Breast-feeding babies may not actually have the wide-ranging long term health outcomes we think it does, according to new research published in the journal Social Science & Medicine and reported on www.independent.co.uk
Dr Cynthia Colen, a sociology professor at Ohio State University in the US, looked for the first time at a sample of families where one or more siblings had been breast-fed while others had been bottle-fed. In apparent contrast to perceived wisdom and international health advice, she found that, if anything, those who were breast-fed suffered more from long-term health issues.
Explaining why previous studies have consistently found that breast-fed babies end up being healthier on average, Dr Colen said these projects suffered from “selection bias”. Factors like a mother’s employment, age and family income skewed the figures, she said, because a mothers who breastfeed statistically have greater than average education, resources and wellbeing themselves.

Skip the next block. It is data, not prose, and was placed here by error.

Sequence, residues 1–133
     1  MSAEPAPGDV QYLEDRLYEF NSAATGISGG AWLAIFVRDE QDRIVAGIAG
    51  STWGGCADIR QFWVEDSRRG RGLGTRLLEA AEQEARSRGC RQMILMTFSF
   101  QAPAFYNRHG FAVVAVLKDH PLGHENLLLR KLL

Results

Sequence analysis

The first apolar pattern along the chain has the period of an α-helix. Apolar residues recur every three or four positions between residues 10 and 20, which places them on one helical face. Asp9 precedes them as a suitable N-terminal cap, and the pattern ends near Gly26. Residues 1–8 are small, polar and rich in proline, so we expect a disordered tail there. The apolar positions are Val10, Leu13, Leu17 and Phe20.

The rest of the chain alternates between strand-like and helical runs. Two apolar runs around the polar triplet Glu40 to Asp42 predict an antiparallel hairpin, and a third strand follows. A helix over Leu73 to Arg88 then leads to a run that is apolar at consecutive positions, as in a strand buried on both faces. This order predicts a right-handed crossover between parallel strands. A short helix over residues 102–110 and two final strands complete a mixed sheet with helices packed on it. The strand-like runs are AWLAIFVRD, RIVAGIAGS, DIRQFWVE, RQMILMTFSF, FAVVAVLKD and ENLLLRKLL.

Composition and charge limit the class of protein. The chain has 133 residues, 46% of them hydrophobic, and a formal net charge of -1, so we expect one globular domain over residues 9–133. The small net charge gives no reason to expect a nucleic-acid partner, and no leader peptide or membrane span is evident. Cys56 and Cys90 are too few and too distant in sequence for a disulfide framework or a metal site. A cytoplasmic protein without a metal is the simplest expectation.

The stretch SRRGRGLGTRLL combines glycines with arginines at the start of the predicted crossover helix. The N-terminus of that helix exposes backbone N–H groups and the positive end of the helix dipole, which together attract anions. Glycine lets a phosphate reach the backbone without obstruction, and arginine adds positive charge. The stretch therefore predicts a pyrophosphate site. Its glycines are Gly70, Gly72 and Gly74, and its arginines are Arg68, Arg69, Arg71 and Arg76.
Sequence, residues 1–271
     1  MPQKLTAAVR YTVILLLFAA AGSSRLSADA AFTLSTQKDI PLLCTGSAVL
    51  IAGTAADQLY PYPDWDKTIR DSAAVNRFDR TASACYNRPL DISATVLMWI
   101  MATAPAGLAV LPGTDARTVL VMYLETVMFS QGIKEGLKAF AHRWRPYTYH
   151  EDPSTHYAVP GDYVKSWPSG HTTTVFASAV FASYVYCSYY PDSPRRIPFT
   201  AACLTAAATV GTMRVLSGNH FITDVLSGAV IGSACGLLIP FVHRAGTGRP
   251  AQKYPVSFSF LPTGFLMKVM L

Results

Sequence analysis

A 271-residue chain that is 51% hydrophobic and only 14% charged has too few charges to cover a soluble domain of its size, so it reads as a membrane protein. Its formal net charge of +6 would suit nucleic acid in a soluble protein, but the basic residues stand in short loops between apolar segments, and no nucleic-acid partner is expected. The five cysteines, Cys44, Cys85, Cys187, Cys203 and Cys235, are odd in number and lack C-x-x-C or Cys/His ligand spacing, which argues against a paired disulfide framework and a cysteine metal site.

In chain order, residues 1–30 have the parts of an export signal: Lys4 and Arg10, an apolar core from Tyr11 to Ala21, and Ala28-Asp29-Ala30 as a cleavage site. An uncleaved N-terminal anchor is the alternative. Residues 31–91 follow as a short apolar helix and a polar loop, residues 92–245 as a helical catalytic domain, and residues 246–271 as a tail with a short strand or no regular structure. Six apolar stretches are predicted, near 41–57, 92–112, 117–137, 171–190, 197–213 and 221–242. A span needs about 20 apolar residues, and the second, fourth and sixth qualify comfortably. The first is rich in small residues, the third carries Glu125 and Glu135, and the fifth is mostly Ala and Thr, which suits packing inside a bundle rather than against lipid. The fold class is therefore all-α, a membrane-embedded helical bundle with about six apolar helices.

Dr Colen stressed that her findings do not oppose the view that breastfeeding, in the short term, has clear health benefits for young children. But with the issue of breast versus bottle proving “statistically insignificant” in the long term for children with the same family background, she said her results showed it was time to focus on other, more important factors.
“I’m not saying breast-feeding is not beneficial, especially for boosting nutrition and immunity in newborns,” Colen said. “But if we really want to improve maternal and child health in this country, let’s also focus on things that can really do that in the long term – like subsidised day care, better maternity leave policies and more employment opportunities for low-income mothers that pay a living wage, for example.”
To get more information on the study visit www.independent.co.uk
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